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Zimmer Hip Failure Lawsuit Filed in California

A man from Fontana, California has filed a Zimmer hip failure lawsuit, alleging the company knowingly marketed a defective device. The lawsuit was filed on May 13, 2013, at the U.S. District Court for the Central District of California.

The Zimmer hip lawsuit plaintiff allegedly suffered complications after being fitted with Zimmer’s Durom Cup hip replacement system. According to court documents filed by the plaintiff’s Zimmer Durom Cup lawyer, he continues to experience pain and suffering as a result of the implant, which was temporarily recalled from the market by Zimmer in 2008 after the instructions for use were found to be “inadequate.”

Zimmer hip failure lawsuit numbers on the rise

It’s estimated that some 12,000 patients have been implanted with the Durom cup hip replacement system. Made from a single sheet of cobalt chromium alloy with a pure titanium plasma-sprayed coating to fix it in place, the Durom cup is, according to Zimmer’s marketing campaign, a “high-tech” system that would provide greater stability and an increased range of motion. They also predicted a low failure rate of 5.7%.

Hip implants like the Durom cup are a mainstay of Zimmer’s $4 billion business. But a growing number of patients are coming forward to allege a variety of unexpected hip replacement complications.

Problems cited by Zimmer hip failure lawsuit plaintiffs include:

  • Pain
  • Inflammation
  • Loosening of the implant
  • Immobility
  • Tissue death
  • Revision surgery

Some patients have been forced to undergo hip replacement revision surgery, a long, complex procedure that requires removal of the old device and the fitting of a replacement.

Former Zimmer consultant alleged ‘design flaws’

A few years after the Durom cup first hit the market in 2006, a former consultant for Zimmer publicly expressed concerns about the system’s design. Dr. Lawrence Dorr pointed to design flaws that could result in failure rates as high as 24% – more than four times higher than Zimmer’s prediction.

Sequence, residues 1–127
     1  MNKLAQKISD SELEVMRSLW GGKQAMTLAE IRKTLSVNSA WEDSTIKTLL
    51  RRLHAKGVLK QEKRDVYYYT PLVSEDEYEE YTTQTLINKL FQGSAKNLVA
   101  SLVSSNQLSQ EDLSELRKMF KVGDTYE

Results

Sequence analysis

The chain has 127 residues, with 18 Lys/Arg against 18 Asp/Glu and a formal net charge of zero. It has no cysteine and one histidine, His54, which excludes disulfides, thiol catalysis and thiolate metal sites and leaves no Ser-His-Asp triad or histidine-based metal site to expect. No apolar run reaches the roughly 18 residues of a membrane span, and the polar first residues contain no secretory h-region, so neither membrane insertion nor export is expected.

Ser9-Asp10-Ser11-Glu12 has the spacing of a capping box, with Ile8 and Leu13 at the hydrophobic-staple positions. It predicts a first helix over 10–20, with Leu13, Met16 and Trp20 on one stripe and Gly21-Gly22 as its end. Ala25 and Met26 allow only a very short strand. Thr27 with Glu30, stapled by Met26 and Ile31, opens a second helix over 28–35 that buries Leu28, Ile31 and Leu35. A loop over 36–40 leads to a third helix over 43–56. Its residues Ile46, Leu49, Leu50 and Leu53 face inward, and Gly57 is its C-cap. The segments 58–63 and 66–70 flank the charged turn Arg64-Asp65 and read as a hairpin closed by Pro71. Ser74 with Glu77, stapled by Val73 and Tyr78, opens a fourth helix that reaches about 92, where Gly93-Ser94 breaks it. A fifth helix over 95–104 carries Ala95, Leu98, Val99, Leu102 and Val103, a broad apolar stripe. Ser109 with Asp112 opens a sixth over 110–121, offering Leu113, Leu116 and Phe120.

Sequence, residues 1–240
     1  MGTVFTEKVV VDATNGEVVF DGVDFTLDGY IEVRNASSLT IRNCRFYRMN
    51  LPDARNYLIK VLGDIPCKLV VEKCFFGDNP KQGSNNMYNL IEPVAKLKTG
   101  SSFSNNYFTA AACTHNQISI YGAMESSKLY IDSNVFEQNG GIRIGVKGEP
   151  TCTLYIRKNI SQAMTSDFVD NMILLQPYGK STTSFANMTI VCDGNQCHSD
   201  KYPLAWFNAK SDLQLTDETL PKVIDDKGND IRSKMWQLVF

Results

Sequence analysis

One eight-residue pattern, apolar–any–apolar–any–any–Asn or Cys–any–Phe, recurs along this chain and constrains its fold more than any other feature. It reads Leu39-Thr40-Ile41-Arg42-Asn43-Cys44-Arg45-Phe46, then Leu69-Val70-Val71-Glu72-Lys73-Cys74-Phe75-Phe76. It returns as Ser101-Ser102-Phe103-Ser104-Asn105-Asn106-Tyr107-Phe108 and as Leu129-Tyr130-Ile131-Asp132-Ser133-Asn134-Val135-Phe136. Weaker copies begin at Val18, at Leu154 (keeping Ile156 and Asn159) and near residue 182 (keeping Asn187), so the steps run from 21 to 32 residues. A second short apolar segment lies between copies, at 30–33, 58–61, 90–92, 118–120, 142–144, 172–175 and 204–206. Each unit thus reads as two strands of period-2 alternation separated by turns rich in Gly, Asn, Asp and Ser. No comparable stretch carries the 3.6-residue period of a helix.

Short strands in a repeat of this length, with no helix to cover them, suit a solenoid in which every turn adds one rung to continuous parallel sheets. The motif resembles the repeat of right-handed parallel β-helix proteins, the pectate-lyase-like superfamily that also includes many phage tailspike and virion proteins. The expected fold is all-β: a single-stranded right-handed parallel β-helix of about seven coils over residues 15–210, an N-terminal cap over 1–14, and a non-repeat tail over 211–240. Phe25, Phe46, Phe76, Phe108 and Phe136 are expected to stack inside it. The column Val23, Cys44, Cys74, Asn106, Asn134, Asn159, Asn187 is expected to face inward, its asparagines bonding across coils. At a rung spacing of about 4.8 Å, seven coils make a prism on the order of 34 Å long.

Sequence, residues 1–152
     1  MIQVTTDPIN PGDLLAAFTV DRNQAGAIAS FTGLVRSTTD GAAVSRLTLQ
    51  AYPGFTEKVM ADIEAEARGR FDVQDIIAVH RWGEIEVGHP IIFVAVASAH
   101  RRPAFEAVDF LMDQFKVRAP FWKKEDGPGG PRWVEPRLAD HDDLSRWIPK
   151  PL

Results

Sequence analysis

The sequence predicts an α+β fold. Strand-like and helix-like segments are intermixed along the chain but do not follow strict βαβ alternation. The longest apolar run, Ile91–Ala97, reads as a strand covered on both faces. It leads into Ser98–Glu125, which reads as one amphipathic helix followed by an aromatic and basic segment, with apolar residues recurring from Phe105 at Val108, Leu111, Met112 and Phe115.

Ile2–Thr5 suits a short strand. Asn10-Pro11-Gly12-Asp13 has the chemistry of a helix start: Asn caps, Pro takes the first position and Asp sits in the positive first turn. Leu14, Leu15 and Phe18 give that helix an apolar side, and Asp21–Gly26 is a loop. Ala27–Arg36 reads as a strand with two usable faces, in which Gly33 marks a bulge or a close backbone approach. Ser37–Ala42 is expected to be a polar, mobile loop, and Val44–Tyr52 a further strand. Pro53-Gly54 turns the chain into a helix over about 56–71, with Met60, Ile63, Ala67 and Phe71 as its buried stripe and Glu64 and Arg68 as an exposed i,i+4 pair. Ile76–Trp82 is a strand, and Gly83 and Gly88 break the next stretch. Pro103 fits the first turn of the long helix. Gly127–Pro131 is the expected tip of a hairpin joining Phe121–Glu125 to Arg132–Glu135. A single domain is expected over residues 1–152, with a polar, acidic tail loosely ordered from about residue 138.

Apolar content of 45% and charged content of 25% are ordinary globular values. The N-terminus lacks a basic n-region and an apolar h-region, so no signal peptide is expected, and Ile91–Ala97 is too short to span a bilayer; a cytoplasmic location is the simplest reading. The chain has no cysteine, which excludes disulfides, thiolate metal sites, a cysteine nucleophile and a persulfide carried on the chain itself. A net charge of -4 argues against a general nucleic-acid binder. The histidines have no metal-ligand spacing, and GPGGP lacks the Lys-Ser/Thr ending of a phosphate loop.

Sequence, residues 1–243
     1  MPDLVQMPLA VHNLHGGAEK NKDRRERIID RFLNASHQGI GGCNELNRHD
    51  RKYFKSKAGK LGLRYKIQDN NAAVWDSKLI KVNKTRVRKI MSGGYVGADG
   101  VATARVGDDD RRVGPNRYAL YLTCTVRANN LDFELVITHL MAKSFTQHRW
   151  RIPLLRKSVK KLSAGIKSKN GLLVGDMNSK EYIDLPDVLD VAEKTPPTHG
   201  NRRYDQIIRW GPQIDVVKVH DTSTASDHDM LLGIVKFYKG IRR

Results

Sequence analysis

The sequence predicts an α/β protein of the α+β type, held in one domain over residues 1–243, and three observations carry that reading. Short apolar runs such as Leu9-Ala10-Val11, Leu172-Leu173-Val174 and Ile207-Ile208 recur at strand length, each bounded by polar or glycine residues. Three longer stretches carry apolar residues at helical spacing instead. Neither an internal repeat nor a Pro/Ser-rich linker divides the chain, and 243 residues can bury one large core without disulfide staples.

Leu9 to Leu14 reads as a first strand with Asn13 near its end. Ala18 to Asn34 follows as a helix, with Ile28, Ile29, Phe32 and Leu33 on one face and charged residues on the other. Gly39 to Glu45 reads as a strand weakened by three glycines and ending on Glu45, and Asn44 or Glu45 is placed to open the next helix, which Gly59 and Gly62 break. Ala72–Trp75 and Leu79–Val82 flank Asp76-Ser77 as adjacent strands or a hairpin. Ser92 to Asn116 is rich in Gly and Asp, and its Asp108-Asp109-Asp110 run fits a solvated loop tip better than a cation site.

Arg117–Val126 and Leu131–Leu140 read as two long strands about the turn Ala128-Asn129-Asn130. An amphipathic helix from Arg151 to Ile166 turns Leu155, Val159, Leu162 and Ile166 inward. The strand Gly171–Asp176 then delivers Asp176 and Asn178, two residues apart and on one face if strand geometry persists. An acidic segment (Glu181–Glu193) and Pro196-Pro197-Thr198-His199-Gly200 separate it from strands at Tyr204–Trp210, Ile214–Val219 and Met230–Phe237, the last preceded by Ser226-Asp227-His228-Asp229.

In an open letter to members of the American Association of Hip and Knee Surgeons, Dr. Dorr stated that, out of 165 Zimmer Durom Cup implants he had performed, 14 required revision surgery within the space of two years – well below the predicted life expectancy of hip implants.

Similar concerns have been expressed by other medical professionals. In a study published in the British Medical Journal, 18 separate pieces of hip implant research were analysed. Data from 3,139 patients was looked at to establish “functional outcomes” for each patient (their ability to perform routine, daily activities). The report found that Zimmer’s claims of superiority was unsubstantiated, and that functional outcomes for patients with a Durom Cup were no better than with any other device.

Data from Australia, New Zealand, England and Wales, indicated a higher rate of revision surgery for patients with metal-on-metal implants such as the Durom Cup. There was also a higher incidence of hip dislocation in patients who received metal-on-metal implants.

Zimmer suspended sales of Durom Cup

Zimmer responded to Dr. Dorr’s letter in May 2008, announcing an internal investigation into the device. They temporarily suspended marketing and distribution of the Durom Cup.

Plaintiffs across the country continue to file Zimmer hip failure lawsuit actions after suffering complications as a result of the device. The company maintains that the device is not defective.